24 March 2014
There are days, I'll admit, when I walk into the office in the morning and stare.
I stare at my colleagues, who in turn are all staring at their screens. On my way home I'll have my path impeded by someone staring at their phone, or else barged out of the way by someone annoyed by me staring at mine.
And as I stare at all of us staring, I often wonder - where exactly are we headed?
It's been, what, 25 years since the advent of the networked office PC? Once upon a time we all interacted with office machinery by physically engaging with it, getting up to use photocopiers, fax machines et al. In our lunchtimes we used to queue for concert tickets or go to agents to book travel. But over the past 10 years or so, the PC behind the screen has become perfectly capable of giving us everything we need to carry out pretty much all of our work as well as providing our entertainment as well. Often the only reason to step away from our screens is to fulfil our bodily needs - and maintain our sanity.
So at our desks we're video conferencing, instant messaging, emailing and, for today at least, leader comment writing. But all of that is just so yesterday, some of you will be saying - and you're right. Because the speed at which we're now moving on to doing all of the above through our mobile screens, even using our phones as the main tool for interaction with clients and colleagues, is dizzying.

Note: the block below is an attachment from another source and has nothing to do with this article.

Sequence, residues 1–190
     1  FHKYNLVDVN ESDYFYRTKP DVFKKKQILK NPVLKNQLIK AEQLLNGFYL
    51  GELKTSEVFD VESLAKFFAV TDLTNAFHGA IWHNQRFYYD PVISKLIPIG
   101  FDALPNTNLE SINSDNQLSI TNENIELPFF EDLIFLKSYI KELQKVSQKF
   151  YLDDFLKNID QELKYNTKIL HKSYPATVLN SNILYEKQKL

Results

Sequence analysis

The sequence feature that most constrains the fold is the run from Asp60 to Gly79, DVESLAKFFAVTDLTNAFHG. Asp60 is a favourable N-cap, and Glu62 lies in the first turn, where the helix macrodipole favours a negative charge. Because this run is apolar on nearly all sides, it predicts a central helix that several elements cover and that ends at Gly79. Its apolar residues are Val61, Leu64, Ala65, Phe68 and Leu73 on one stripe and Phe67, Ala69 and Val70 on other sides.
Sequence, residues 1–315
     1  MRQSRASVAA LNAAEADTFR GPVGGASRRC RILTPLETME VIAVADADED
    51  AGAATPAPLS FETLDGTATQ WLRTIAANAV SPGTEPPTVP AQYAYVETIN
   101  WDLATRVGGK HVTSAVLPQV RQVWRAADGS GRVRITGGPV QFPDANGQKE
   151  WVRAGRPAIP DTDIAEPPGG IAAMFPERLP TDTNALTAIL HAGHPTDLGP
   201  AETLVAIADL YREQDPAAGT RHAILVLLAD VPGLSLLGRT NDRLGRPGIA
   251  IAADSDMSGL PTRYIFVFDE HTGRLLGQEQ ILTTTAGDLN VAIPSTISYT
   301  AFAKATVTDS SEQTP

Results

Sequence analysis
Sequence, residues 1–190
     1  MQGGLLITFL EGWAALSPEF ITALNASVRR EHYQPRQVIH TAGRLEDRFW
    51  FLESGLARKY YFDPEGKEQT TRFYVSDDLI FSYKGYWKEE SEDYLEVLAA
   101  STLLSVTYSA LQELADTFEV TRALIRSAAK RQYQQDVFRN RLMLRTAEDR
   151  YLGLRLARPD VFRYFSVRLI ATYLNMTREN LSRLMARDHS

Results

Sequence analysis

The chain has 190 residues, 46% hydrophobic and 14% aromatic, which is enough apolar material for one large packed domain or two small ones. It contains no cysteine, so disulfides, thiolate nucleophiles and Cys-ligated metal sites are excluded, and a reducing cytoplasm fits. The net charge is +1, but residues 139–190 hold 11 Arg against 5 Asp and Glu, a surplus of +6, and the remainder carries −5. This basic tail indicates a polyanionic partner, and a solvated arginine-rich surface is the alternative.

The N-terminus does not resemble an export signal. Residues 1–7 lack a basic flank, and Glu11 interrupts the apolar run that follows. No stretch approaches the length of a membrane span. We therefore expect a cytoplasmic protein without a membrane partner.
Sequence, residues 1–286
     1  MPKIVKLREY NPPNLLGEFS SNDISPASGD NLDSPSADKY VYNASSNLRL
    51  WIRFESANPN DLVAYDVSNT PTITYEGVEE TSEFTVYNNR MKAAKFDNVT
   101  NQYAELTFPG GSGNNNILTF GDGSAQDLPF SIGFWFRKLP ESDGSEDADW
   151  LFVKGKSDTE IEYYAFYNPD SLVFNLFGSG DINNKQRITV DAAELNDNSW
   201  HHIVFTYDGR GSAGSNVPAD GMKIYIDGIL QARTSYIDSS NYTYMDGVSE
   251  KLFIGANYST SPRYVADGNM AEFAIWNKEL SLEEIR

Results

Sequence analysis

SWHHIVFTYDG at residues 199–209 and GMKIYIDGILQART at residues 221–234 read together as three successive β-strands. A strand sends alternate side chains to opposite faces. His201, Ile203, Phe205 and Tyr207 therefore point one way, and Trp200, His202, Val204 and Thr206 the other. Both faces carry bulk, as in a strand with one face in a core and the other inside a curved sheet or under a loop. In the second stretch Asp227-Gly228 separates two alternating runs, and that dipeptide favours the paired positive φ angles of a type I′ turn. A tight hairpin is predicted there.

Last week I found myself watching highlights of Wealdstone's far from critical Middlesex Senior Cup tie on YouTube while on the London Overground. We all have this amazing ability to access such remarkably trivial material - and if I can so casually access video of Gordon Barlett's Isthmian League heroes "on the go", we really are through the looking glass. What else can we do with smartphones?
The phrase "there's an app for that" has itself fallen out of favour, so quickly have developments in this field altered the landscape. But from an FM perspective we're only at the start of this journey, and sure enough the age of FM services being managed from mobile devices through apps is upon us. There's been so much chatter about apps and their application in FM over the past 12 months that we must surely be on the verge of an app deluge. The greater granular detail, speed of analysis, contextualisation of priority and attention to customer detail that these apps promise (depending on who you talk to) must surely have an impact on FM's ability to adapt to fit client need. How their deployment ultimately affects team structures is something we can only guess at.
Because the simple processing of existing facilities data requirements by adding photographs directly to condition reports (as one random example) is only the first step. Much of what I'm hearing about forthcoming apps involves mapping buildings or facilities data flowing into building information models - potentially reigniting the whole discussion about FM's position in the BIM firmament.
Could this mobile data revolution solve all of FM's credibility issues? Doubtless not, but the promise of FM playing a more visible role as a result of minute-by-minute analysis of facilities performance has got to be a good thing.
As for where we're all headed with this stuff? Hands up: I honestly don't know.
Martin Read is managing editor at FM World